Many servers on the web offer content that is only accessible via a search interface. These are part of the deep web. Using conventional crawling to index the content of these remote servers is impossible without some form of cooperation. Query-based sampling provides an alternative to crawling requiring no cooperation beyond a basic search interface. In this approach, conventionally, random queries are sent to a server to obtain a sample of documents of the underlying collection. The sample represents the entire server content. This representation is called a resource description. In this research we explore if better resource descriptions can be obtained by using alternative query construction strategies. The results indicate that randomly choosing queries from the vocabulary of sampled documents is indeed a good strategy. However, we show that, when sampling a large collection, using the least frequent terms in the sample yields a better resource description than using randomly chosen terms.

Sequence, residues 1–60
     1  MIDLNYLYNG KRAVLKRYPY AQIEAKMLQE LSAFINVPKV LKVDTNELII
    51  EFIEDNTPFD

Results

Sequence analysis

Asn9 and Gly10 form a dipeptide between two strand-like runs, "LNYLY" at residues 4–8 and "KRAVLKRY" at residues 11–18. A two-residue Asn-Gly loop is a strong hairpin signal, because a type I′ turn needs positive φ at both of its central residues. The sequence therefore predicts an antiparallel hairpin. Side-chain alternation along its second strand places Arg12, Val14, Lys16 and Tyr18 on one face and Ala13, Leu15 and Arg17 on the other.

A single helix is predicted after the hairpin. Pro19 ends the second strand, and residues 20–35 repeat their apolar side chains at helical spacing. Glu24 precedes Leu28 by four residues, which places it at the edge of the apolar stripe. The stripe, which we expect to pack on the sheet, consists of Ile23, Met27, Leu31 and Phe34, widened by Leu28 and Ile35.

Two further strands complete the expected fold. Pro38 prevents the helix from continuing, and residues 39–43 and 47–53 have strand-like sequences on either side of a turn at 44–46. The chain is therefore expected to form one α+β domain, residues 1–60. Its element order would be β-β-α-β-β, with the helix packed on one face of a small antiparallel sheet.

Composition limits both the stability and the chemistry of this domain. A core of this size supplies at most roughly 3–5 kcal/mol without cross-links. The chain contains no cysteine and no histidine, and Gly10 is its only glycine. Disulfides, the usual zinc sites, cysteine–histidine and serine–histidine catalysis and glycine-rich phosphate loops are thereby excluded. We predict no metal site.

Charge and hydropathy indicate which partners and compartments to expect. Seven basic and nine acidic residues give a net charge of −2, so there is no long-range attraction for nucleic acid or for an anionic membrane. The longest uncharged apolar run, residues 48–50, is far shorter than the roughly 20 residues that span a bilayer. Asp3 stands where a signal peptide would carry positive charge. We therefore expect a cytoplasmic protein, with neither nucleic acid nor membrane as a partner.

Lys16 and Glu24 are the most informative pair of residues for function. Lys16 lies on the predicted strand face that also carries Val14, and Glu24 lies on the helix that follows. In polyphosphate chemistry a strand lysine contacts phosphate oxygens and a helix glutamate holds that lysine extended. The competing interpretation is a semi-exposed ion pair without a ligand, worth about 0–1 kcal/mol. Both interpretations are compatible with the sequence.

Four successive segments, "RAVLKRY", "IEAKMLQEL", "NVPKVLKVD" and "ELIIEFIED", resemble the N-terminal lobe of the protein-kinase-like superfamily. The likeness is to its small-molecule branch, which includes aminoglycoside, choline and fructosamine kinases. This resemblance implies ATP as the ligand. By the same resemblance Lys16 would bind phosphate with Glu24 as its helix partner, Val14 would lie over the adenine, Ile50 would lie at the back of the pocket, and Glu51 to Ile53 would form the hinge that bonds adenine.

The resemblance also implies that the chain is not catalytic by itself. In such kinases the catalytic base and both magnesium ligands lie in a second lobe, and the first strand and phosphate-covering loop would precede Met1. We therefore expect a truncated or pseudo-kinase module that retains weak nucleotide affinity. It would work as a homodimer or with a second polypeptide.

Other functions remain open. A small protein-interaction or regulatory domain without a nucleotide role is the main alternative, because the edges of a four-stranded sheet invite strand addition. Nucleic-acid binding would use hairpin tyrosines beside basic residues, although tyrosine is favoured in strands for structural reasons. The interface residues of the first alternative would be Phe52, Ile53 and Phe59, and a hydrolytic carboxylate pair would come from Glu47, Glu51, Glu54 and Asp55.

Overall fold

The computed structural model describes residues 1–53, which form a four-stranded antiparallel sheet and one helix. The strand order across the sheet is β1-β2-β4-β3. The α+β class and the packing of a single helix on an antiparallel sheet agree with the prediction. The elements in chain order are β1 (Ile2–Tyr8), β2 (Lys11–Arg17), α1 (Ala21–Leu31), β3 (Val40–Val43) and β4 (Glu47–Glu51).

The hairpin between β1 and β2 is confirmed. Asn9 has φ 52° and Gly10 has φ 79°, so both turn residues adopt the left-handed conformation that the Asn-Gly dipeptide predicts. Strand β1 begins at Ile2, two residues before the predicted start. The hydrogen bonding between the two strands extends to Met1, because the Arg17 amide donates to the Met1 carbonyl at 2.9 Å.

|Place of Publication||Enschede|
|Publisher||Centre for Telematics and Information Technology (CTIT)|
|Number of pages||8|
|Publication status||Published - 1 Feb 2010|
|Name||CTIT Technical Report Series|
- query-based sampling
- Distributed Information Retrieval
Tigelaar, A. S., & Hiemstra, D. (2010). Query-Based Sampling: Can we do Better than Random? (CTIT Technical Report Series; No. TR-CTIT-10-04). Enschede: Centre for Telematics and Information Technology (CTIT).